Enforcement by the ICO

The ICO’s record of enforcement across 2023 relates mostly to PECR enforcement rather than UK GDPR breaches. The ICO has focused on “reprimands” instead of enforcement action.

The data protection enforcement actions relating to the ICO of note include:

  • The ICO fined Clearview AI GBP7.5 million for unlawfully scraping personal data to use in its image recognition database. Clearview appealed this decision to the First-tier Tribunal on jurisdictional grounds. On 17 October 2023, the First-tier Tribunal held that UK data protection law could not have extraterritorial effect on the facts of the case and found for Clearview. The ICO has appealed the decision to the Upper Tribunal.
  • On 23 February 2023, the First-tier Tribunal handed down a decision partly allowing an appeal by credit reference agency Experian against an ICO GDPR enforcement notice issued in October 2020 in relation to data processing operations of Experian’s marketing business. The decision has wider consequences for controllers’ reliance on “legitimate interests” for processing for direct marketing and the provision of information about data processing. The ICO has appealed this decision to the Upper Tribunal.
  • On 4 April 2023, the ICO announced a fine against TikTok of GBP12.7 million for breaching the UK GDPR, in particular for failing to protect children’s privacy. The ICO had previously issued a “notice of intent” to fine TikTok GBP27 million. Despite the reduction, the fine is the third highest issued by the ICO. TikTok has appealed the fine.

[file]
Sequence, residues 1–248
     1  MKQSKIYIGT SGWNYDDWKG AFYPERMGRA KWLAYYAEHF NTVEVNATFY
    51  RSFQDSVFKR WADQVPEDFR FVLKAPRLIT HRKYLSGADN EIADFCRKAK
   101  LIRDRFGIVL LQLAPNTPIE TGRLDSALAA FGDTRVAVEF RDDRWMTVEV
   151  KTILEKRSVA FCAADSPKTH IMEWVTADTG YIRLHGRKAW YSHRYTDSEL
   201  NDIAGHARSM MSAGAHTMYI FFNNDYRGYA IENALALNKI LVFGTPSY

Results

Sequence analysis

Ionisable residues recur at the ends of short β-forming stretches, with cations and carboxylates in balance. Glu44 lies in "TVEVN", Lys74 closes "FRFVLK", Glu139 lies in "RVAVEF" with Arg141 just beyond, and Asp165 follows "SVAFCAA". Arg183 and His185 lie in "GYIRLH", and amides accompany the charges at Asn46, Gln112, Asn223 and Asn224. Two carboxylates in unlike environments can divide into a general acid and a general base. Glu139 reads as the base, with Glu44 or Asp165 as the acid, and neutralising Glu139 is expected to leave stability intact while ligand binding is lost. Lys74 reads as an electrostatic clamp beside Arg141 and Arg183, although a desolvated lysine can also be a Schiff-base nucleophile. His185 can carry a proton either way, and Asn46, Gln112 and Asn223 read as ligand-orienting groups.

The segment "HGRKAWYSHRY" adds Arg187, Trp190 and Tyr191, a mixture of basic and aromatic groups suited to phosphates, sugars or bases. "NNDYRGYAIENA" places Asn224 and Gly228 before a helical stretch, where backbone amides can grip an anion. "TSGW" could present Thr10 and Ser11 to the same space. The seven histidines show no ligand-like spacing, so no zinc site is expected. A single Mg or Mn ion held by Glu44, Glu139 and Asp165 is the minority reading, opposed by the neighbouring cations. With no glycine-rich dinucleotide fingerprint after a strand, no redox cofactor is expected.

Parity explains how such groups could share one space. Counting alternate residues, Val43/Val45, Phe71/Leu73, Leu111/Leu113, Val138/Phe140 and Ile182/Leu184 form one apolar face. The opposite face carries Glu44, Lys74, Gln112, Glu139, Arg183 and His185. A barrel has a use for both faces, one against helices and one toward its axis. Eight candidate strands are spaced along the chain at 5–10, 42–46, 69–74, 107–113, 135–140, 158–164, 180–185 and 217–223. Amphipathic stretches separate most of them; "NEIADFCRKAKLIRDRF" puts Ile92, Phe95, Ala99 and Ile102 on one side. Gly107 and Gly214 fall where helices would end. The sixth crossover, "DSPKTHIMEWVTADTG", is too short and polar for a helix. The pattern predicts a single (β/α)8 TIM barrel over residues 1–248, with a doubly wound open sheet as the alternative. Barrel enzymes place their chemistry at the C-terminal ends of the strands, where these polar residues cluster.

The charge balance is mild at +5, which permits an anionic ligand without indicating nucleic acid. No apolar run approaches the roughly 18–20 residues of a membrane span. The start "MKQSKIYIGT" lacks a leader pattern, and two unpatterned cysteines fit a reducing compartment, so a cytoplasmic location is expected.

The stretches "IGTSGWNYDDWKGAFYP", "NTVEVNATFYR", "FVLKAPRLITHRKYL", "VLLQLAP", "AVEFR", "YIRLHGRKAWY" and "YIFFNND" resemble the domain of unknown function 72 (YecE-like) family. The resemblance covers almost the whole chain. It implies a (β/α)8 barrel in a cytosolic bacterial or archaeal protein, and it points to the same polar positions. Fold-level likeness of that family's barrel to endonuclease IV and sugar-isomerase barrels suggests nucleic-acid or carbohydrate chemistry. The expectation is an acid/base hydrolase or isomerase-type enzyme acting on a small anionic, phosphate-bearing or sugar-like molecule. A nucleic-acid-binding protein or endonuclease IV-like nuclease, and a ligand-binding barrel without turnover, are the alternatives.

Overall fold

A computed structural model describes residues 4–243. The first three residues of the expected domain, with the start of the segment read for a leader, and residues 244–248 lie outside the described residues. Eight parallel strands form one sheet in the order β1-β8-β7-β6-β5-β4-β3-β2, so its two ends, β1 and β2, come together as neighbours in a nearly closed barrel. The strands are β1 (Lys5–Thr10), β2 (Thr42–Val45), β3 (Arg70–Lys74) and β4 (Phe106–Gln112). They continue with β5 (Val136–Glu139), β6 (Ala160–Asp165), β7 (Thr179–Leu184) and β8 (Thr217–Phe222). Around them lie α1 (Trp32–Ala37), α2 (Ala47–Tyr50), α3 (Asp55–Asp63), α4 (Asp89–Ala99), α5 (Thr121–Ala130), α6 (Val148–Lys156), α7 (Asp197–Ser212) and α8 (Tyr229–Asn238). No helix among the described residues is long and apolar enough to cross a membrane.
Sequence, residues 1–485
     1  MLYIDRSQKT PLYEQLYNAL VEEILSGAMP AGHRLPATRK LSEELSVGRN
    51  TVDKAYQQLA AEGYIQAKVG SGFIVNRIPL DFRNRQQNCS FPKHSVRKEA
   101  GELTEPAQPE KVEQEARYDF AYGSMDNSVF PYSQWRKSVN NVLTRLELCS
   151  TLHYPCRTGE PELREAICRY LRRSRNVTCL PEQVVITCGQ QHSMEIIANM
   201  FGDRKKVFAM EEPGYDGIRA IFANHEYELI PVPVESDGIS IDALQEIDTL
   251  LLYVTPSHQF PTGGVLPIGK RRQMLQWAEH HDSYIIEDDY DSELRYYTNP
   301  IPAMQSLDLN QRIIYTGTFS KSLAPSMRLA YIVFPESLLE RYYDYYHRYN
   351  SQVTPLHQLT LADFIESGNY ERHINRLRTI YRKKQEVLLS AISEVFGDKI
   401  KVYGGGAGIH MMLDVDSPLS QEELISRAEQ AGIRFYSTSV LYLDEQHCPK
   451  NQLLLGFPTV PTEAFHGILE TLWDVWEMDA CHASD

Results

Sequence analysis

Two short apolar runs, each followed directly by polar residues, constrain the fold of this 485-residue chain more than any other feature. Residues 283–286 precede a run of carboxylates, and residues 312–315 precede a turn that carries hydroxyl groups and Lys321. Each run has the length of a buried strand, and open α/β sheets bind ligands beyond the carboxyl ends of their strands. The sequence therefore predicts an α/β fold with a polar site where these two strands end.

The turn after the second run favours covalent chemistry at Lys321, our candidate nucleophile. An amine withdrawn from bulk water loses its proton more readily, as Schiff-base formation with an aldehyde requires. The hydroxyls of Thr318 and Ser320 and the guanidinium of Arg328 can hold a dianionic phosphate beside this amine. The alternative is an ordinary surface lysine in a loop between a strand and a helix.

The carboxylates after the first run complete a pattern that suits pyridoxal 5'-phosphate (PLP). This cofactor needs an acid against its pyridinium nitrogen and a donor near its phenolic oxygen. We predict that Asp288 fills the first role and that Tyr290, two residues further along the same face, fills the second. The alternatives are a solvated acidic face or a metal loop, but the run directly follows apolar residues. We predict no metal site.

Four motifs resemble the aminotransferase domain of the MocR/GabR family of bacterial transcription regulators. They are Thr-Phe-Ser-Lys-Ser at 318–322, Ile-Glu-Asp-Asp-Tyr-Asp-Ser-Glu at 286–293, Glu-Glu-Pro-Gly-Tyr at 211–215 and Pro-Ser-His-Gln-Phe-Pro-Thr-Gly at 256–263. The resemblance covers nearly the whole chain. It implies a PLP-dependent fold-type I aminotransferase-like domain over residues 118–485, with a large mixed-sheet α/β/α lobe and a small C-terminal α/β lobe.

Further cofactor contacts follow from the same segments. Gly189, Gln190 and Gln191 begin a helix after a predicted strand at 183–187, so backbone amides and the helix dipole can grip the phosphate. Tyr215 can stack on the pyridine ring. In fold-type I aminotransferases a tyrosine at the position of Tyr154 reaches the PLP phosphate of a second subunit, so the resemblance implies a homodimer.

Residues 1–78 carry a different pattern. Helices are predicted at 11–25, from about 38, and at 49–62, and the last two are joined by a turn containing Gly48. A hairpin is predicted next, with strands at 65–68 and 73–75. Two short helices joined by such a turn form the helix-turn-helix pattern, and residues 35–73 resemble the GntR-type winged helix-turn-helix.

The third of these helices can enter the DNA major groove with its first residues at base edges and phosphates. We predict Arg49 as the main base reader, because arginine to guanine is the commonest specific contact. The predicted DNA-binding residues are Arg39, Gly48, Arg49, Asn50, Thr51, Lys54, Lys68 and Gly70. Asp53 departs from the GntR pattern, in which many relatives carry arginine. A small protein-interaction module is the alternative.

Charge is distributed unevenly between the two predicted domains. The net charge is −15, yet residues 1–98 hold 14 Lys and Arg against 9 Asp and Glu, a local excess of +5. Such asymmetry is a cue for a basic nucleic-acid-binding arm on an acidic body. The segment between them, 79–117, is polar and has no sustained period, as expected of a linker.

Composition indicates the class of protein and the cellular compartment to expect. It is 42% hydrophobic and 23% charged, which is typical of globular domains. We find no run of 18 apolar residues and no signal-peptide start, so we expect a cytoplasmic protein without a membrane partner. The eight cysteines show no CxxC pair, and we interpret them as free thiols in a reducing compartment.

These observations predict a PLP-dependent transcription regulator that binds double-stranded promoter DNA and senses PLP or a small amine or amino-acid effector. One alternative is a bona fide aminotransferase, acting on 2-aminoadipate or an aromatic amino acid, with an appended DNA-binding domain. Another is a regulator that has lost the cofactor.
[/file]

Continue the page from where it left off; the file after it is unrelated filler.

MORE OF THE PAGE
Class Actions in Data Protection

In Lloyd v Google, the Supreme Court held that one opt-out representative procedure could not proceed. Lloyd precluded these kinds of representative actions under the DPA 1998 because there was no automatic right to compensation for the fact of a contravention of the DPA 1998 or loss of control of data. Instead, an assessment of the damage (most likely, distress) suffered by the affected individual was required. As such, there was no “class” for the purpose of representative actions. As a result, several proposed “representative” actions for data protection breaches were discontinued or otherwise disposed of, such as SMO v TikTok, filed by the former Children’s Commissioner for England on behalf of children in the UK.